US Experts Agree That West Needs to Do More

The progress and failures of 25 years independence, as well as ongoing challenges in democratisation and rule of law spheres for former USSR countries have been discussed in Washington. Georgia was singled out as a relative leader among the South Caucasus countries, while Armenia was viewed as a direct target of Russian influence, and Azerbaijan continues to regress in its human rights record. In Central Asia, Kyrgyzstan was said to be doing better than any other regional state. VoA Georgia spoke to two experts on the issues.

David Kramer, Mccain Institute for International Leadership and former President of Freedom House

“The US needs to pay more attention and provide more help to countries in the post-Soviet space, especially in the fields of rule of law, institutional resilience, media, party building and civil society.

“Russia constantly blocks Georgia’s Euro-Atlantic aspirations and its Western integration. In this context, the US should express a Presidential-level interest towards the region and stay more active, more present in the regional developments. Georgia’s integration with the West is an important aspect. We have to make sure the upcoming NATO Summit in Warsaw does not result in similar outcomes to the NATO Summit in Bucharest in 2008 which lead to frustration among Georgians and a resurgent Russia.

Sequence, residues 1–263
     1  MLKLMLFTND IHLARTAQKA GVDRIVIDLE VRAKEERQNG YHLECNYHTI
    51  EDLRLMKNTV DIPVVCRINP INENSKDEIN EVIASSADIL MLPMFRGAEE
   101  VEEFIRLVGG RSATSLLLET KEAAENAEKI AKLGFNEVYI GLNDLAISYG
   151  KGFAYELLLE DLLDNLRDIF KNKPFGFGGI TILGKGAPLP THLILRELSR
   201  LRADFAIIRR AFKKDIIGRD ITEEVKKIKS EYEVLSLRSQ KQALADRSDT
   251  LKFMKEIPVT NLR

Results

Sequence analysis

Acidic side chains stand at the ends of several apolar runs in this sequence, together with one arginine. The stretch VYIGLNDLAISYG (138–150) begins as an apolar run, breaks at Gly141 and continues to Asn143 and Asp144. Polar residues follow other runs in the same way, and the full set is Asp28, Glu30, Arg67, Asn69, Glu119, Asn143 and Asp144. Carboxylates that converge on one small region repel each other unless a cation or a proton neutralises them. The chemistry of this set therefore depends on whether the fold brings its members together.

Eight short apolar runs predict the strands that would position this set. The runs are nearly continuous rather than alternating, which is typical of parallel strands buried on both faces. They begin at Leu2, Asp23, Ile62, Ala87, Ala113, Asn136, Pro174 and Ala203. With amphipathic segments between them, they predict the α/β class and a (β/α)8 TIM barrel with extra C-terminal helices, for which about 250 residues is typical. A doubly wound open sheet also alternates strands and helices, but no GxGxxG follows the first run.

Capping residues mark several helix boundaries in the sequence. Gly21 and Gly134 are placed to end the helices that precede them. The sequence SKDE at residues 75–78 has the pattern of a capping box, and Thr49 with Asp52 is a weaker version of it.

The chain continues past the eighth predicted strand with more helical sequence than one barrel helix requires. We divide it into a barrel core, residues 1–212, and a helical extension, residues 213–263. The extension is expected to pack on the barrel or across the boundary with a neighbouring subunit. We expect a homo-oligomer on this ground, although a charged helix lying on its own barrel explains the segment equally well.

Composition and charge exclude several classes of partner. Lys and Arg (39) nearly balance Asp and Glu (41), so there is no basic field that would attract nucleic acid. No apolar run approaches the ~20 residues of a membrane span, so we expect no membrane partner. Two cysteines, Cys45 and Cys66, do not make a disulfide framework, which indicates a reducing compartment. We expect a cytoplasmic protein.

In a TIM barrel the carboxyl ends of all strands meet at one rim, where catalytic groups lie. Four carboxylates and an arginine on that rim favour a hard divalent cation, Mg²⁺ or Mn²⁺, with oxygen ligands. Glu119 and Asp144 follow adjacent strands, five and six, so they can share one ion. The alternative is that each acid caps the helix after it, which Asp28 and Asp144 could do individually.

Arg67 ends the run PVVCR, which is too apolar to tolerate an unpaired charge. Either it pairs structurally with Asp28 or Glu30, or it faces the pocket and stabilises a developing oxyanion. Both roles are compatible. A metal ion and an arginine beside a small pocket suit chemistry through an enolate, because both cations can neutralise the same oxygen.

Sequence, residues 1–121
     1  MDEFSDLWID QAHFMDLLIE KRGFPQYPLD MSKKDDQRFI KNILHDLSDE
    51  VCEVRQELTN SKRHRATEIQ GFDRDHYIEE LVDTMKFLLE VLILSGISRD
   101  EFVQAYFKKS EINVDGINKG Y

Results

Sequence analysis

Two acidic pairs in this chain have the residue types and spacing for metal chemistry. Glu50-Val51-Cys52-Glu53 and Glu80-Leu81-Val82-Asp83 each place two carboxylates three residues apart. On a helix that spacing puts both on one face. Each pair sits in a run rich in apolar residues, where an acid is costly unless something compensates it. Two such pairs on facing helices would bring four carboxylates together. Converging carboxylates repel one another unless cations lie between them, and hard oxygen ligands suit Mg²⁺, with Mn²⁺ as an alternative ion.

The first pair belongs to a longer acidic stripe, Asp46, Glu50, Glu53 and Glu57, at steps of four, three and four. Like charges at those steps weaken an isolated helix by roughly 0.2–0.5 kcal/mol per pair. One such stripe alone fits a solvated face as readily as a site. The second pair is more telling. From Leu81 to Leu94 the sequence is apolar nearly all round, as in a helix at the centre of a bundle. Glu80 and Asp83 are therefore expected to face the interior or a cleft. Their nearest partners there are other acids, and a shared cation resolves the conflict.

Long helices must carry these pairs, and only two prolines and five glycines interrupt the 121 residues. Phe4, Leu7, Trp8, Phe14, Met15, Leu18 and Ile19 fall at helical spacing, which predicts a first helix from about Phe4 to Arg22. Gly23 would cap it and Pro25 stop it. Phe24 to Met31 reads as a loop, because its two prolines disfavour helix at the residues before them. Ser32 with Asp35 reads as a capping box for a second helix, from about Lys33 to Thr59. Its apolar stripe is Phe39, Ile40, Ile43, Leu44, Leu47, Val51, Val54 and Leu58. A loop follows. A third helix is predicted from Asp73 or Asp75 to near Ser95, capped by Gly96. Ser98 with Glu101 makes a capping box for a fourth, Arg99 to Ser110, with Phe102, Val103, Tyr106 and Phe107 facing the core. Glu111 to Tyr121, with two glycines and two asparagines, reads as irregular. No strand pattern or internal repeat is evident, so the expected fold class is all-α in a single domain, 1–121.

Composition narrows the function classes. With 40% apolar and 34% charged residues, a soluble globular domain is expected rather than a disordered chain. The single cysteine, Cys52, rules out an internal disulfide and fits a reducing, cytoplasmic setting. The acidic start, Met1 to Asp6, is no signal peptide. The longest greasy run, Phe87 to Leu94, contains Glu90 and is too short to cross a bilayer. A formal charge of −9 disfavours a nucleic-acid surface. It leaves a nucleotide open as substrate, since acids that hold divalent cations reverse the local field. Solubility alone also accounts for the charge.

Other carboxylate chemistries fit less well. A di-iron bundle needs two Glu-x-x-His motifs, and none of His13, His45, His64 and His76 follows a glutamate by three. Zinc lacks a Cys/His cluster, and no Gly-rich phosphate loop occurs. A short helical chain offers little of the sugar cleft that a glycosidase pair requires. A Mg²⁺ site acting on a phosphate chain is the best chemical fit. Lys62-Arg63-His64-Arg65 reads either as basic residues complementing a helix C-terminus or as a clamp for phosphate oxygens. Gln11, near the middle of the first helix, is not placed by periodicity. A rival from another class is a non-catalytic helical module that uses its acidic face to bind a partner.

“At this point, there is a need on the part of Georgians to see more recognition of its efforts by NATO. The West, including the US, at the same time need to say that Georgia’s membership in the Alliance is also within our interests. All post Soviet countries have achieved independence and maintained it to this day. Russia invaded Georgia and still occupies 20% of its territory. Georgia has long standing separatist conflicts yet it continues to develop on a Euro-Atlantic path. The US should help it more. I hope we can get talking about the Western integration of all Soviet countries in the next 25 years.”

William Courtney, former US Ambassador to Georgia

“Most visibly, Georgia has achieved two main things in the last 25 years: it secured independence, maintained it and conducted democratic reforms. Georgia and Ukraine regularly conduct elections, and have viable opposition players. However, the West should continue its engagement since the challenges are substantial. For example, Russia will remain as a threat. But I would say the major challenge is developing economic reforms and raising the standard of living for Georgians: given the per-capita quality of education of Georgians, agriculture potential and key positioning of Georgia as a transit country between East and West, this challenge should not be hard to overcome.”

Full article in Georgian:

Anna Kalandadze

01 March 2016 12:53